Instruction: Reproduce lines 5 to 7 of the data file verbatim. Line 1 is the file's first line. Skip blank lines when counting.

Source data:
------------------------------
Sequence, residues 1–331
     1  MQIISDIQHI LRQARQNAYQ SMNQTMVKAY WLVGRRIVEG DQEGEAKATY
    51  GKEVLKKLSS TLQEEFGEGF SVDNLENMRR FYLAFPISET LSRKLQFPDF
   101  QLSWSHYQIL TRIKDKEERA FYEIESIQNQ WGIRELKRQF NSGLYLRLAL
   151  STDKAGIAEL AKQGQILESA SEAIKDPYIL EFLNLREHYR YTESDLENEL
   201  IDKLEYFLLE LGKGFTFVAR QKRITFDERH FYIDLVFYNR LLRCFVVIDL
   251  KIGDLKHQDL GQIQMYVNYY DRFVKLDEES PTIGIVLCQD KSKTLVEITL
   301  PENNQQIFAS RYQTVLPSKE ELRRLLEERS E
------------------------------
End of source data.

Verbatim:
   151  STDKAGIAEL AKQGQILESA SEAIKDPYIL EFLNLREHYR YTESDLENEL
   201  IDKLEYFLLE LGKGFTFVAR QKRITFDERH FYIDLVFYNR LLRCFVVIDL
   251  KIGDLKHQDL GQIQMYVNYY DRFVKLDEES PTIGIVLCQD KSKTLVEITL